Associate Professor, Ph.D.
Marina is a senior researcher at the Centre specialising on contemporary Chinese society. Her research focuses on human rights, legal issues, social and political movements, cultural heritage policy, and the Chinese media. Marina also teaches at the Master Programme in Asian Studies.
Marina studied Chinese, history, and economics, at Lund University, where she received her Ph.D. in sinology from the Department of East Asian Languages in 1996. She spent the academic year 1997-1998 as a post doctoral fellow at the East Asia Institute, Columbia University, and has since 1998 been active as a researcher in Lund, first at the Department of East Asian Languages, and since 2004 at the Centre for East and South-East Asian Studies. She has spent extensive periods in China, first as an undergraduate in 1988-1990 at Fudan University, Shanghai, and later as Ph.D. candidate and as a visiting scholar at different institutions, including Beijing University and the Chinese Academy of Social Sciences. She usually spends between two and three months annually in China doing fieldwork. She is currently project leader for a Swedish multidisciplinary project on law implementation in China sponsored by the Swedish Research Council and the Swedish International Development Agency (SIDA) that runs 2004-2006.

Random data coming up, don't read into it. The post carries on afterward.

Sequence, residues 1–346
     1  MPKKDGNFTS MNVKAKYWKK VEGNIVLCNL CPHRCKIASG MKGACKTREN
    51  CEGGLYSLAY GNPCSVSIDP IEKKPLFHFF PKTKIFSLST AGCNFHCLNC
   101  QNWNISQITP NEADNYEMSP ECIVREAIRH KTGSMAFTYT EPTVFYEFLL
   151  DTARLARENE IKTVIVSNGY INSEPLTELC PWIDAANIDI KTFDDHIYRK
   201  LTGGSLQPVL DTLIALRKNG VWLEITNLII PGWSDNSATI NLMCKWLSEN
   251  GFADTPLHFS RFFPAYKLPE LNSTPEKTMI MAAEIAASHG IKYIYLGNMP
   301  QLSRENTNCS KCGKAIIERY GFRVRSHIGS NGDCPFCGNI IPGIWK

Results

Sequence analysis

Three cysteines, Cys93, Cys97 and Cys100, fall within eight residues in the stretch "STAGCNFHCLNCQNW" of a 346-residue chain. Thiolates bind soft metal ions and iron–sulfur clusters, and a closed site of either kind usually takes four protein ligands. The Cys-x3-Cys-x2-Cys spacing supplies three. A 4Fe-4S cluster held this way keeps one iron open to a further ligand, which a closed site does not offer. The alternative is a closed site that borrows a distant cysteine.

Marina's major publications include, Debating Human Rights in China: A Conceptual and Political History (Rowman and Littlefield, 2002), and The Chinese Human Rights Reader (M. E. Sharpe, 2001, Co-editor with Stephen C. Angle). Other recent publications include “Ethical Dilemmas: Balancing Distance with Involvement,” in Maria Heimer and Stig Thögersen eds. Fieldwork in China (Hawaii University Press and NIAS Press, 2006), and In the Ancestor’s Shadow: Cultural Heritage Contestations in Chinese Villages Working Paper No. 17, 2006, Centre for East and South-East Asian Studies, Lund University.